No. It never works out that way, does it? Even when justice comes, we get that pang in our stomach. When one of my kids does something wrong, and then they have to suffer the natural consequences of it, I have mixed emotions. Wouldn’t it be nice if justice had a counterpart that let compassion in? Wouldn’t it be great if our world was a place of where justice was important, but we weren’t ruled by it?


This is why grace is so shocking.

It’s not first nature. It’s actually what we would do second, third, or even last. It doesn’t come naturally, but we are desperately seeking it, chasing it, even when we don’t know it. That pang in your stomach when you hear of the death penalty, you have to watch your kids endure consequences, or when you really know it’s better just to hang up on the telemarketer.

Paul is about to use the language of astonishment in Galatians 1:6, but first, he reminds the Galatians, and us, that there is something bigger, that everything he is about to say and present is really held in the context of something greater:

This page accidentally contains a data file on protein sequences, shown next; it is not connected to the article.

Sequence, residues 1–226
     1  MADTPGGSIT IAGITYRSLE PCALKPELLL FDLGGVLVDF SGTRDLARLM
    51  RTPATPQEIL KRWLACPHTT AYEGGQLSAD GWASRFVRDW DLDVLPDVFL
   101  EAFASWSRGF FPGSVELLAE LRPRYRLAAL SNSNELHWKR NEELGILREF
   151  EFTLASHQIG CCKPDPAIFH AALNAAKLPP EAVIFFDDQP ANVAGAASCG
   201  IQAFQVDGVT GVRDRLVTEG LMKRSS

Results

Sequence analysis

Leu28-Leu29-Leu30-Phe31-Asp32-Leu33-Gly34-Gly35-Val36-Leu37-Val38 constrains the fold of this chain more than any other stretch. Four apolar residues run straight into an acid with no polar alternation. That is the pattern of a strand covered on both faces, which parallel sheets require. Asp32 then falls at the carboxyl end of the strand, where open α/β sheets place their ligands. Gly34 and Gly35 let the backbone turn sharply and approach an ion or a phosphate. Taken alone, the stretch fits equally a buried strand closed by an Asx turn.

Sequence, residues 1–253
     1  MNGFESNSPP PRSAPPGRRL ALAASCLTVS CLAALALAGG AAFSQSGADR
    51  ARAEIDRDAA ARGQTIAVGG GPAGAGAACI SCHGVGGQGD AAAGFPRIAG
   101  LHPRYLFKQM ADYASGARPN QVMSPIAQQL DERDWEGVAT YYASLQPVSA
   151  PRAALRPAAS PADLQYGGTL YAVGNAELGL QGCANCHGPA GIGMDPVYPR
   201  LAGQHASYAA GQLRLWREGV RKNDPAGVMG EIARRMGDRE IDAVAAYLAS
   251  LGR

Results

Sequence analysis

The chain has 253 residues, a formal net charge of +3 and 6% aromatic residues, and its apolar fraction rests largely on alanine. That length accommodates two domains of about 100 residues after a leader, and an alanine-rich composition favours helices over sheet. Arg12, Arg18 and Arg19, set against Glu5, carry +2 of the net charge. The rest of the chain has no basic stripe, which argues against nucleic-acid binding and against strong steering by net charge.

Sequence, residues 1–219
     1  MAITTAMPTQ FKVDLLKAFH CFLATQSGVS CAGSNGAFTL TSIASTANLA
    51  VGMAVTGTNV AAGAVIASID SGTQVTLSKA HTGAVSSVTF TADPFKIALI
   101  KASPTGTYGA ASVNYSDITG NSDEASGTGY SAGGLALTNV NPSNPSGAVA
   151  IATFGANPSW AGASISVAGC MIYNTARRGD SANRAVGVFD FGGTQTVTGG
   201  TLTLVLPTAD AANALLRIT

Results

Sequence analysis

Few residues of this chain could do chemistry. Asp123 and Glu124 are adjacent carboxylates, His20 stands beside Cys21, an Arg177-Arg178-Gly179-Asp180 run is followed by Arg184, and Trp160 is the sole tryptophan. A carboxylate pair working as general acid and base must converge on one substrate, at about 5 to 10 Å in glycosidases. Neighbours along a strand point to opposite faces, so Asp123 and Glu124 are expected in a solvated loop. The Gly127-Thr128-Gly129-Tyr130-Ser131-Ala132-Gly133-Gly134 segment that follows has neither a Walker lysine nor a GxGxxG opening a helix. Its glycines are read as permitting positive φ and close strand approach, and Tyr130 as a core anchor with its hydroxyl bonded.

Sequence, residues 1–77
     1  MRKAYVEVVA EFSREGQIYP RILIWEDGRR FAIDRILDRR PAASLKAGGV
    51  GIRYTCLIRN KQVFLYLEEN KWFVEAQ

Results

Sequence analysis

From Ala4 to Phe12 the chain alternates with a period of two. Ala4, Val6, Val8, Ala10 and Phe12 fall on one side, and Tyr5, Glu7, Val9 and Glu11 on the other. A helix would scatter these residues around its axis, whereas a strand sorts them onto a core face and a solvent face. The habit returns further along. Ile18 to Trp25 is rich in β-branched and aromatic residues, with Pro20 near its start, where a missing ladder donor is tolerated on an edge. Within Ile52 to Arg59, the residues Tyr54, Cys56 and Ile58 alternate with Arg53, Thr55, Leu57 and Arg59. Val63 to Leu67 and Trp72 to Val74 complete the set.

Shocking grace.

Read Galatians 1:1-4 to connect Paul’s full introduction in one spot:

Paul, an apostle—sent not from men nor by a man, but by Jesus Christ and God the Father, who raised him from the dead— and all the brothers and sisters with me,

To the churches in Galatia:

Grace and peace to you from God our Father and the Lord Jesus Christ,who gave himself for our sins to rescue us from the present evil age, according to the will of our God and Father, to whom be glory for ever and ever. Amen.

Grace and peace to you…made possible by God, through Christ.

Paul starts even his introduction with the full Gospel.

Jesus gave Himself….

Perhaps our world has heard it a million times, so it isn’t really shocking anymore. The Galatians may have had a similar problem, slipping into “It can’t be. There’s no way. No one does stuff like that.”

Let’s hear the freedom in the truth of this message once again:

…the Lord Jesus Christ, who gave himself…